Before being chosen by the Browns, Quinn established the quarterback record for weightlifting at the NFL Scouting Combine by benching 225 pounds an astounding 24 times.
Roughly two years later, the 6-foot-3, 235 pound Quinn was featured on the October 2009 front cover of Muscle & Fitness.
In the article, titled “The NFL’s Hardest Working Quarterback,” Quinn spoke about blending strength and agility exercises to prevent becoming too bulky to perform as a passer.
Quinn’s exhaustive workouts have proved counterproductive and the muscleman has thrown 12 touchdowns, against 17 interceptions, on an atrocious 53.8 percent passing in 24 games as a professional.
The greatest quality a signal caller can possess is accuracy and Quinn lacks even a shred of touch on the ball and is flatly the most erratic chucker in the league today.
All of the above competitors had ample strength and managed to flourish in the brutal world of football.
However, not one of those players was ever excessively built to the degree that the former Fighting Irish star is.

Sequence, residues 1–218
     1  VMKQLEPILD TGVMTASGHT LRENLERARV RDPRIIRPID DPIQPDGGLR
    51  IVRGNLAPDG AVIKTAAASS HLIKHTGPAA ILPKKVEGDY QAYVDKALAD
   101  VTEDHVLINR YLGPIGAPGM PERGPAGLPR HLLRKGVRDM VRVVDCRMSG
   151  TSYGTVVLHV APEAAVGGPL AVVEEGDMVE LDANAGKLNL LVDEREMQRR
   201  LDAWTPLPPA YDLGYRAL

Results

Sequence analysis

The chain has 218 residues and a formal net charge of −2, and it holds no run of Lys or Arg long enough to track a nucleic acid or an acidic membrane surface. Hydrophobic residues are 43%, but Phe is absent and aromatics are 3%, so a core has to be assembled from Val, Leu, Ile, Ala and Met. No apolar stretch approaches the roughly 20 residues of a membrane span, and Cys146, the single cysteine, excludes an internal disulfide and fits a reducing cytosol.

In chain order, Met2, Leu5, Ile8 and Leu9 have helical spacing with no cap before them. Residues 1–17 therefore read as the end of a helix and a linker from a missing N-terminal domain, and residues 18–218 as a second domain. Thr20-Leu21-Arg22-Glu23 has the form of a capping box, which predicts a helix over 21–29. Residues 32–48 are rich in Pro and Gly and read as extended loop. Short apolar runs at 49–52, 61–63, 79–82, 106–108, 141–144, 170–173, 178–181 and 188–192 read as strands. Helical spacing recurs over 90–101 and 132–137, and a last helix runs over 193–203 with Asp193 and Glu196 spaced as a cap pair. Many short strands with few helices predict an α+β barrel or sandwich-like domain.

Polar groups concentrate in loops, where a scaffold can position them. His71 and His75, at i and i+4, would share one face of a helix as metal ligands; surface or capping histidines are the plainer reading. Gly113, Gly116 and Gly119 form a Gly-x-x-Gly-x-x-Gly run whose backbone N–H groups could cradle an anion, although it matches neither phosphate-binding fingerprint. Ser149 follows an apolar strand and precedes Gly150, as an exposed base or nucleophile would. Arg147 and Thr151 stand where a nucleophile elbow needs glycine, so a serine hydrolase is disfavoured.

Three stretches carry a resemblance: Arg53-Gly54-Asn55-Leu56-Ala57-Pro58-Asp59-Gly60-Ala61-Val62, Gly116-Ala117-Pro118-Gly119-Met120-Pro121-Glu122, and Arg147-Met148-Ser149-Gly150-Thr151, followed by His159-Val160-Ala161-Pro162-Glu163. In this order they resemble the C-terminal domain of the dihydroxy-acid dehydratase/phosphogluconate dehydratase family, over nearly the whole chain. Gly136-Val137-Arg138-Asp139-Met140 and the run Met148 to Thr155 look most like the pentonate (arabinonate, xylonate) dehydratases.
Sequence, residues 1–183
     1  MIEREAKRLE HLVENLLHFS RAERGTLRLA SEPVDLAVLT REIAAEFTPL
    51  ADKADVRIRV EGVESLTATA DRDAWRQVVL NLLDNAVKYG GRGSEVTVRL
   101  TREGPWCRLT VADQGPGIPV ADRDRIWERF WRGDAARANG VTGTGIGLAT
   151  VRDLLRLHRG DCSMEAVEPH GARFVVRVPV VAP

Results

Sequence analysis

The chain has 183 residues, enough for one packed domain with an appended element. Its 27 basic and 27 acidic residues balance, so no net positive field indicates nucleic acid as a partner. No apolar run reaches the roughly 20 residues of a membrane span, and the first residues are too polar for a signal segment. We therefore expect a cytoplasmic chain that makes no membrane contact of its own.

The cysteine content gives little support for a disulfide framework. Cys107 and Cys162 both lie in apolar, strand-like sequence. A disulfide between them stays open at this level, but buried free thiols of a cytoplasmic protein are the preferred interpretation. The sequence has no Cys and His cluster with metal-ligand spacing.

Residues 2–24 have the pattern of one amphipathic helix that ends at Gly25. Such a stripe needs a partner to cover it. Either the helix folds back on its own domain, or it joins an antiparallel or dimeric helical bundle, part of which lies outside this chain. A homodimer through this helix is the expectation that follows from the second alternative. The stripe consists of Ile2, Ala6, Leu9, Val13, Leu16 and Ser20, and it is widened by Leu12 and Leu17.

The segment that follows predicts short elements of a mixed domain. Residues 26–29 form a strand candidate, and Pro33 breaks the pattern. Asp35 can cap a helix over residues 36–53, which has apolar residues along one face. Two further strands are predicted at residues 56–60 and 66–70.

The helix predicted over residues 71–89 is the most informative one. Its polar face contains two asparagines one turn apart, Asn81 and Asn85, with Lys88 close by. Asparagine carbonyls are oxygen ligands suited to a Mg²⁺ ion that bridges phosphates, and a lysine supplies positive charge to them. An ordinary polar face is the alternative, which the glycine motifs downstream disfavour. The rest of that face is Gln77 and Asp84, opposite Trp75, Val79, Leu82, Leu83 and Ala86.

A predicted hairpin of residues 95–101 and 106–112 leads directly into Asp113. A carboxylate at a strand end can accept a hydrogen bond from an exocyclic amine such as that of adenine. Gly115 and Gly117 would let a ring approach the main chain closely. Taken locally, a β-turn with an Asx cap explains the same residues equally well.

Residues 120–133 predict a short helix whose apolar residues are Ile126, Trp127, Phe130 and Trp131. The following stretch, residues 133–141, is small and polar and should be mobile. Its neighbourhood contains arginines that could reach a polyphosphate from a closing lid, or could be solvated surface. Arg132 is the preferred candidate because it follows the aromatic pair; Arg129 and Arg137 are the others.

In order for the Lou Ferrigno wannabe to have any chance to excel in the NFL, Quinn must shed a decent portion of mass and become leaner.
Led by Wilson and a stifling defense, Seattle went 11-5 in the NFC West and defeated the host Washington Redskins 24-14 in a January playoff showdown.
The 5-foot-11, 206 pound Wilson, the ninth-shortest man to lineup under center since the 1970 merger, tossed 26 scores, in comparison to a mere 10 picks, for 3,118 yards in 16 contests last season.
Hence, considering Wilson’s entrenched status as a starter, Quinn’s acquisition is moot.
Still, in a violent collision sport where injuries are commonplace, Brady Quinn is the last person the Seattle Seahawks need behind Russell Wilson.by